“She enjoyed being with our kids and having fun with them,” Stoddard said. “They loved her. They enjoyed playing with her, and having the attention. My youngest would sit on her lap and put his arms around her or put his hand on her leg and think he was Mr. Sophisticated. Our daughter would always look at her and was like, ‘Wow. She’s so beautiful.’ She would just want to be in her presence and have her attention also.”
Heather Elvis was impacted by children in her own way, also.
“My daughter always loved working with kids, including the ones in our Southern Baptist church, where she helped take care of them from time to time,” Terry Elvis wrote in a blog. “Heather loves animals and children and helping those less fortunate. When she traveled to Costa Rica for a missionary trip three years ago, I told her how as a diver, she might enjoy the beauty of the water – how extraordinary it is when you break the calm, and the plankton lights it up a luminescent green.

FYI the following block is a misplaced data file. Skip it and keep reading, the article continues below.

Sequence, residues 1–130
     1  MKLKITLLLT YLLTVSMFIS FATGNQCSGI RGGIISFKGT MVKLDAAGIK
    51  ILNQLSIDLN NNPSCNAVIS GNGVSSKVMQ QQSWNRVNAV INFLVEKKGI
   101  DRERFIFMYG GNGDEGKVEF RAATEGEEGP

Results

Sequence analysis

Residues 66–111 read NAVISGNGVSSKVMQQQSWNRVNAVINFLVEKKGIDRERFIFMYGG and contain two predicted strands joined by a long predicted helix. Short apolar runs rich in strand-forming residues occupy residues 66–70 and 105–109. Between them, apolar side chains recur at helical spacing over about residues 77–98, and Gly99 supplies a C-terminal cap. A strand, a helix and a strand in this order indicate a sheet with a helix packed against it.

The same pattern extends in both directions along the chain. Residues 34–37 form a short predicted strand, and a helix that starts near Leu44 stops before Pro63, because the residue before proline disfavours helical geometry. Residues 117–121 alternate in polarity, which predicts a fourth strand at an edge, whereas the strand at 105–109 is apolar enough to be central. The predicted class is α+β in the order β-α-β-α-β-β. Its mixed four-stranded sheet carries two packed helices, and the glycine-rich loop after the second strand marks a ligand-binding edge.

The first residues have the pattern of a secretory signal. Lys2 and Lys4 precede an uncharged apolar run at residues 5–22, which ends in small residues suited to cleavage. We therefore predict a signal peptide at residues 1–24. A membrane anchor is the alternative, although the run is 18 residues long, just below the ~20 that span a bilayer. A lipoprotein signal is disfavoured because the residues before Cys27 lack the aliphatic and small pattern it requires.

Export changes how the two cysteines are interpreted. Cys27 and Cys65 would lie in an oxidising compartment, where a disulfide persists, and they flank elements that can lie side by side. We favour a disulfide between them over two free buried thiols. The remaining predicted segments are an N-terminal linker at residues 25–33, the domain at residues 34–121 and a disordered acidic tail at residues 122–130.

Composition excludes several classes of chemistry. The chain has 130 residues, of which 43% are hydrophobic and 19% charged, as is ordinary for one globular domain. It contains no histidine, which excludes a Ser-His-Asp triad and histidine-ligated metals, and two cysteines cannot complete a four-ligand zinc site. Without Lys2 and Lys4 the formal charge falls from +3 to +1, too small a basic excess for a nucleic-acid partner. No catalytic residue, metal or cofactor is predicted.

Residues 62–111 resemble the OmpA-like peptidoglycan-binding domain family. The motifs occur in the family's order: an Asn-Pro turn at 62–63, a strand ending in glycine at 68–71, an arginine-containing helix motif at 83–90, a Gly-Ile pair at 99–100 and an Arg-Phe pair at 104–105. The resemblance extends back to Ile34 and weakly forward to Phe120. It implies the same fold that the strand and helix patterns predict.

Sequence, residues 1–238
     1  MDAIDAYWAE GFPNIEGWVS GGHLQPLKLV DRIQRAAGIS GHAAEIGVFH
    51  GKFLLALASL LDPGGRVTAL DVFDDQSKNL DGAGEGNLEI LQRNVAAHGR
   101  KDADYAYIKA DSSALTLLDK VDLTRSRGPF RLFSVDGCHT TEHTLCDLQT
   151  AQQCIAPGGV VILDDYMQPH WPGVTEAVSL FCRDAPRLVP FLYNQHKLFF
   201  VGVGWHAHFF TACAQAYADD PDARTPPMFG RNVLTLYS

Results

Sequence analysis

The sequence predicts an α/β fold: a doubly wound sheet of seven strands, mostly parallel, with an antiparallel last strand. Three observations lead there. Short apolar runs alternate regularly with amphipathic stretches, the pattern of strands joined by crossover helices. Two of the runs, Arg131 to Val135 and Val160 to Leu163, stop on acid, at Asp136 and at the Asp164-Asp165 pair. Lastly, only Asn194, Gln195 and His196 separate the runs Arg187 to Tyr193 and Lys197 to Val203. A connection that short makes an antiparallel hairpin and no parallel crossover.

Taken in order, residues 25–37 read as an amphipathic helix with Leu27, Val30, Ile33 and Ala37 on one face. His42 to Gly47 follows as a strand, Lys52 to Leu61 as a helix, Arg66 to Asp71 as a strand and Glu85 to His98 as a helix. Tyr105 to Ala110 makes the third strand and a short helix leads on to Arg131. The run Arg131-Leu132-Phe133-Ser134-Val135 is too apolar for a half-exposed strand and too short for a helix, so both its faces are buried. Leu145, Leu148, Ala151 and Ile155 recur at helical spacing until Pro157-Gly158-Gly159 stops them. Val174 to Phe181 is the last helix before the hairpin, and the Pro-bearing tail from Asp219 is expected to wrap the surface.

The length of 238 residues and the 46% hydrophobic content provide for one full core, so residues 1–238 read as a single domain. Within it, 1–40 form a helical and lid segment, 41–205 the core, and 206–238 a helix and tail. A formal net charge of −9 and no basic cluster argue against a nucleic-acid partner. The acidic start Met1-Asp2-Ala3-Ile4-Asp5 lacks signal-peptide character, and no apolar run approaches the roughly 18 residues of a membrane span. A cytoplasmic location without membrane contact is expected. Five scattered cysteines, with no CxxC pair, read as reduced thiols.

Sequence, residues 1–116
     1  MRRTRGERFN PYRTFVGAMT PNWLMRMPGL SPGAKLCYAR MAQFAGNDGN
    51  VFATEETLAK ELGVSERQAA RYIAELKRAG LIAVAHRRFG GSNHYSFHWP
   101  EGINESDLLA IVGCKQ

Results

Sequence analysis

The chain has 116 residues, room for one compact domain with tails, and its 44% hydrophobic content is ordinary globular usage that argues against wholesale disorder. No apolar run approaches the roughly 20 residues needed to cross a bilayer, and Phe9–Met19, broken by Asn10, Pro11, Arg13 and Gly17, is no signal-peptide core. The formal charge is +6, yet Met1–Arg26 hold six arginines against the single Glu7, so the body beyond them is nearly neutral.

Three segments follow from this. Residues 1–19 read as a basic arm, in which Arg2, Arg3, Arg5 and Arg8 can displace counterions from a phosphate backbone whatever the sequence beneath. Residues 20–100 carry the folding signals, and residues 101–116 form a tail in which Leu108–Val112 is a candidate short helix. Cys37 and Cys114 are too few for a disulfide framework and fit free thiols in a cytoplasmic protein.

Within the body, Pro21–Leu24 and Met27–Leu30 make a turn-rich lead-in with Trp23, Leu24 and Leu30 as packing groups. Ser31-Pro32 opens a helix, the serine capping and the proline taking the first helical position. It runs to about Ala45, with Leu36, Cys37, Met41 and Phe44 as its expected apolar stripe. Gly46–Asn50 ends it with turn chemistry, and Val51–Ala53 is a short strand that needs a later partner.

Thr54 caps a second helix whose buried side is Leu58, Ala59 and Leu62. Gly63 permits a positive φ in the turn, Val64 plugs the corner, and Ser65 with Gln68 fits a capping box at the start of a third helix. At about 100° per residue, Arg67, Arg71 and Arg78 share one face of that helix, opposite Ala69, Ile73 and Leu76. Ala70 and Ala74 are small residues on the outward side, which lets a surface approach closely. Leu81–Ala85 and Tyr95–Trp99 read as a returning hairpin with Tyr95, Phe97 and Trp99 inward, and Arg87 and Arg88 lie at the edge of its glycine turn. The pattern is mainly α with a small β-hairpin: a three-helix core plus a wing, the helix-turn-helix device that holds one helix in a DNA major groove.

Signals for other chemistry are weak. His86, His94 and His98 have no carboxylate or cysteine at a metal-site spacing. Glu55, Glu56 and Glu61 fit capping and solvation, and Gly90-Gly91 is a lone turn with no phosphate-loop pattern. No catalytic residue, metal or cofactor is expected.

“When she returned from the trip, she said nothing of the water. ‘Dad, I have to tell you what I did that was so great,’ she said. Then she told me how she had traveled to a tiny village and talked to a small woman living in a 10 by 10 foot house with a broken roof and water leaking through it. ‘We built her a new roof,’ she told me. ‘The lady cried. And then I cried. I’ve never used a hammer in my life, and I built her a roof.’ The next day she traveled to the town’s orphanage. She taught the children how to read books and stories. She never once mentioned the water, although she swam in it with her missionary companions. She was totally selfless in her love toward other people.”
The week before Christmas
It was Dec. 17 and Heather Elvis was out on a dinner date with a man. The two strolled through neighborhoods looking at Christmas lights, which is what her father said she always enjoyed doing.
She sent her father a picture of her operating a stick-shift vehicle with the caption “Just learned to drive stick. I’m a pro.”